Have a Solar Christmas
]]I recently had an assignment to write a lesson on Abrahamic religions for a high school world geography curriculum. As my readers may well be aware, the Abrahamic religions are Judaism, Christianity, and Islam (in order of foundation). They share a belief in the prophet Abraham. Having recently attended a production of Black Nativity, written by the poet Langston Hughes and performed in Boston for the last 52 years, I was struck by the gospel song, “The Last Month of the Year (When Was Jesus Born).” Then, two nights ago, listening to a Hanukkah playlist, I noted the humorous song, “(When Is) Hanukkah This Year.” The Muslim holy month of Ramadan also moves from year to year, as does the Christian holiday of Easter. That was when it struck me. Hanukkah (as well as all other Jewish holy days), Ramadan, and Easter are all lunar holidays. Christmas is the only significant holiday permanently tagged to December 25 on the solar-based calendar. It’s no secret that Christmas, like the Gregorian calendar, is more a product of the Roman empire than the Christian tradition. Romans adapted their Saturnalia feast and festival to match the demands of their new Christian religion. Thus the competing expressions of Christmas: the blend of excess and sanctity, of charity and indulgence. Both, I suggest, express the true meaning of Christmas.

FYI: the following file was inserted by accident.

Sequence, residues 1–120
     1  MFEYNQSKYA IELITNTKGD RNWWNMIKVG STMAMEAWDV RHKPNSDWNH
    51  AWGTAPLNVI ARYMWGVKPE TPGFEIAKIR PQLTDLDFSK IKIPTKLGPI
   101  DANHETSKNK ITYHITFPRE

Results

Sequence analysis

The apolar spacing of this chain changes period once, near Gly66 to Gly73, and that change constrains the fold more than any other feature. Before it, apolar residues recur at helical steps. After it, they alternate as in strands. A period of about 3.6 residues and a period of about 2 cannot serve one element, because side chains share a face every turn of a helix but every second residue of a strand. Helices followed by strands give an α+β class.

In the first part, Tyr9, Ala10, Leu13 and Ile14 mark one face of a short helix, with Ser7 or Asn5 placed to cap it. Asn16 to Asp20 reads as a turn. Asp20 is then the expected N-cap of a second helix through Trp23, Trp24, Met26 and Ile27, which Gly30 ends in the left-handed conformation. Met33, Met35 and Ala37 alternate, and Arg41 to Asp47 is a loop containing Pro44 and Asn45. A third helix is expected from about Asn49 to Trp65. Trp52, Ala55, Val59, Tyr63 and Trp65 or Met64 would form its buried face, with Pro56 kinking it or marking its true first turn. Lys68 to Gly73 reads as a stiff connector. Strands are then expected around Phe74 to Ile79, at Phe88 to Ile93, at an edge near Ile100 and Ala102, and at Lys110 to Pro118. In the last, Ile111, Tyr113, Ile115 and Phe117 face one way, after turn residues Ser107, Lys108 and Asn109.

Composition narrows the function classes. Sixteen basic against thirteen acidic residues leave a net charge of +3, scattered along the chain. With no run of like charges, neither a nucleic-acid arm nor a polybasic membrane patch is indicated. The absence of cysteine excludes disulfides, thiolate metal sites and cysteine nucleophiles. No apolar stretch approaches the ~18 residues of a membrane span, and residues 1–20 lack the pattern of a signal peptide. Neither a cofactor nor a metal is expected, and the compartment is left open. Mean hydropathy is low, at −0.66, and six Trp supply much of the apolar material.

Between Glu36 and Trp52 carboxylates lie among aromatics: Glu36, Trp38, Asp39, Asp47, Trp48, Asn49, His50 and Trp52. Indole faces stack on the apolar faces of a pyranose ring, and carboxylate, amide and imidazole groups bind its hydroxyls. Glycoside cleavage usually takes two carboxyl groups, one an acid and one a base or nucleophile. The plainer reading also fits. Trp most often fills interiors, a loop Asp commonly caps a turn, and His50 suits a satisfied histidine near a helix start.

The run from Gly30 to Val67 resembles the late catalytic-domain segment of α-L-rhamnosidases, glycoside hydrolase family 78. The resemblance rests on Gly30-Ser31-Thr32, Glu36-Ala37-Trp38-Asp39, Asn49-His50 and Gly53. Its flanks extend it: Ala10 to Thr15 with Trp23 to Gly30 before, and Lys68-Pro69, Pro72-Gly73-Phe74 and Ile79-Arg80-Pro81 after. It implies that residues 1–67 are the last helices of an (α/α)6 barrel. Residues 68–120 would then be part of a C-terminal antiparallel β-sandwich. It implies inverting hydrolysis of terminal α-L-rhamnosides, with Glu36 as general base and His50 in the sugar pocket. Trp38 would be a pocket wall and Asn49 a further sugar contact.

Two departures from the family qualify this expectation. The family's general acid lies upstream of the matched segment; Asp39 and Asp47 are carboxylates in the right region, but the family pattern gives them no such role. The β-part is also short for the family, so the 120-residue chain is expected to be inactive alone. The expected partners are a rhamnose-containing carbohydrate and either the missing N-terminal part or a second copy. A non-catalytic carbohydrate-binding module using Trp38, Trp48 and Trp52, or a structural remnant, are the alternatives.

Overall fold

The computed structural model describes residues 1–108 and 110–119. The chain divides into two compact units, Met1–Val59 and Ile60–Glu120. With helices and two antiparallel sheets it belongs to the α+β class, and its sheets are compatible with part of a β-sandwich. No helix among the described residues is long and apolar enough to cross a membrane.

Since writing this, I’ve had further thoughts. I think the firm date of December 25 for Christmas is less the result of the Romans (whose Saturnalia feast was also somewhat moveable, though not as moveable as Jewish or Muslim lunar feasts) as of some action on the part of a more modern government entity. I plan to poke around to find the answer this soon.
[Photo by Margerretta: https://www.pexels.com/photo/photo-of-white-pine-trees-904437/]